new Lcobucci\JWT\Signer\Hmac\Sha256(),
$token = $configuration->parser()->parse($token);
try {
        new \Lcobucci\JWT\Validation\Constraint\SignedWith($configuration->signer(), $configuration->signingKey())
    echo 'Token was validated';
} catch (\Exception $e) {

View full source

Run your code

Save this file to your machine and run it:

php decode_incoming_jwt_token.php


pip install flask python-dotenv pyjwt

Create a file named app.py and add the following code:

import os
from flask import Flask, request
import jwt

View full source

Write the code

Add the following to app.py:

app = Flask(__name__)

@app.route("/", methods=['GET', 'POST'])
def callback():
    token = request.headers.get("Authorization")[7:]
        jwt.decode(token, VONAGE_SIGNATURE_SECRET, 'HS256')
        print("Signature was validated")
        print("Unable to validate signature")

    return '', 200

if __name__ == "__main__":

View full source

Run your code

Save this file to your machine and run it:

python app.py


gem install vonage

Write the code

Add the following to decode-incoming-jwt.rb:

decoded = JWT.decode(SIGNATURE, nil, false)
puts decoded

View full source

Run your code

Save this file to your machine and run it:

ruby decode-incoming-jwt.rb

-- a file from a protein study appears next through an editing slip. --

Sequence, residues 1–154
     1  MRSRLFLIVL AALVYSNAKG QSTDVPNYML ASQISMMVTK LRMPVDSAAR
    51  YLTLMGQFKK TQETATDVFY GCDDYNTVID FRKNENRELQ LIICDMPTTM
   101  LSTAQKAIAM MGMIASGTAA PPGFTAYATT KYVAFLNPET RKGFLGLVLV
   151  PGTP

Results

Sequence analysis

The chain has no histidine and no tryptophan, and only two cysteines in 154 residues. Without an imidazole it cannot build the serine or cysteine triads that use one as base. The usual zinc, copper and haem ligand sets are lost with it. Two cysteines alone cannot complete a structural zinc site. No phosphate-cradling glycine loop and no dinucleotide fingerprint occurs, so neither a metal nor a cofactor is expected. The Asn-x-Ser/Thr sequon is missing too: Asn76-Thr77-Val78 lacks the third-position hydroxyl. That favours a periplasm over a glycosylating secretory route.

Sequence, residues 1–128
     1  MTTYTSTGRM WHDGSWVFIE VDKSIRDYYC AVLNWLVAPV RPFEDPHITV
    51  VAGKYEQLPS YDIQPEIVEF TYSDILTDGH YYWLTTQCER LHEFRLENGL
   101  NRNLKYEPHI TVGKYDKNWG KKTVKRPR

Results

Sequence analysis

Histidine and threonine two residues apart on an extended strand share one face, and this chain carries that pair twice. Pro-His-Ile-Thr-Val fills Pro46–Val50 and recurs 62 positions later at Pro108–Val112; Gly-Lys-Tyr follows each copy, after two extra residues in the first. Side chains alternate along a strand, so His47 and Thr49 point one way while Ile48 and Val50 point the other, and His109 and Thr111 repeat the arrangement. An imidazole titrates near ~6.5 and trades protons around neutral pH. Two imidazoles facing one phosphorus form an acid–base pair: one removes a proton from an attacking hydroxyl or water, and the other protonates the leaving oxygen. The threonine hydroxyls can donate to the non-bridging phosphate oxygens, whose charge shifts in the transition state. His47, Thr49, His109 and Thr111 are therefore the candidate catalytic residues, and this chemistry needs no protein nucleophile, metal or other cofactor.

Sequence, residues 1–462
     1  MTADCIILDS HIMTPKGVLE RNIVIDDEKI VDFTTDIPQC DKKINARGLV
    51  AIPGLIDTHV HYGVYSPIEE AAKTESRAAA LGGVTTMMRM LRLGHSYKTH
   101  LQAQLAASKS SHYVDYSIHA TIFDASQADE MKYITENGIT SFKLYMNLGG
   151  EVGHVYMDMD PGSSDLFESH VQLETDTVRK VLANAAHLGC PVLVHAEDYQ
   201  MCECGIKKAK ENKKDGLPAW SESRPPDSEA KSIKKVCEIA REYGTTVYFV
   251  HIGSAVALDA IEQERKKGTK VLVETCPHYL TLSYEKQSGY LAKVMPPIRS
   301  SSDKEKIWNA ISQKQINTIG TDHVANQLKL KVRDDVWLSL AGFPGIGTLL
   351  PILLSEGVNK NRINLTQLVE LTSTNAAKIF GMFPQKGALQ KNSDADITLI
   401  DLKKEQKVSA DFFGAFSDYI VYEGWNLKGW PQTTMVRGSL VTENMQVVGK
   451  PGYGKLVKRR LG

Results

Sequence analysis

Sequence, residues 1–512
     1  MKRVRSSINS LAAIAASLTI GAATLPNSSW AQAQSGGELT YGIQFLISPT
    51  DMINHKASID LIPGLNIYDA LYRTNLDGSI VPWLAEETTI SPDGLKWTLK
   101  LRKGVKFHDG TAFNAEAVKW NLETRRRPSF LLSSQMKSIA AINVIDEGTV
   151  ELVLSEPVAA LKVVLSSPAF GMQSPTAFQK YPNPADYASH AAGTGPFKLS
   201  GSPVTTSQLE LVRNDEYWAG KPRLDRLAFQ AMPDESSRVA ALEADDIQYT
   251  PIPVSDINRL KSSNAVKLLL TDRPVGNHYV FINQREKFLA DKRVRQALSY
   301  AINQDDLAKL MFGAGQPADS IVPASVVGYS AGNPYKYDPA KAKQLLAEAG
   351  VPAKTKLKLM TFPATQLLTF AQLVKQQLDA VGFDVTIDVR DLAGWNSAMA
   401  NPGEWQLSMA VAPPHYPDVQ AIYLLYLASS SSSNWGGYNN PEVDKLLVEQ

Testing webhooks locally

In order to test the correct functioning of webhooks on your locally running application, you will need to create a secure tunnel between Vonage and your application. You can do this with a secure tunnel application such as Ngrok. See the Testing with Ngrok topic for more information.

Configuring your firewall

If you restrict inbound traffic (including delivery receipts), you need to add the Vonage IP addresses to your firewall's list of approved IP addresses. You can find more information how to do this in our knowledge base:

Tips for debugging webhooks

Start small - Publish the smallest possible script that you can think of to respond when the webhook is received and perhaps print some debug information. This makes sure that the URL is what you think it is, and that you can see the output or logs of the application.

Code defensively - Inspect that data values exist and contain what you expected before you go ahead and use them. Depending on your setup, you could be open to receiving unexpected data so always bear this in mind.

Look at examples - Vonage provides examples implemented with several technology stacks in an attempt to support as many developers as possible. For example code using webhooks see the following:

You can also check the code snippets section of the documentation for the API you are using.

See also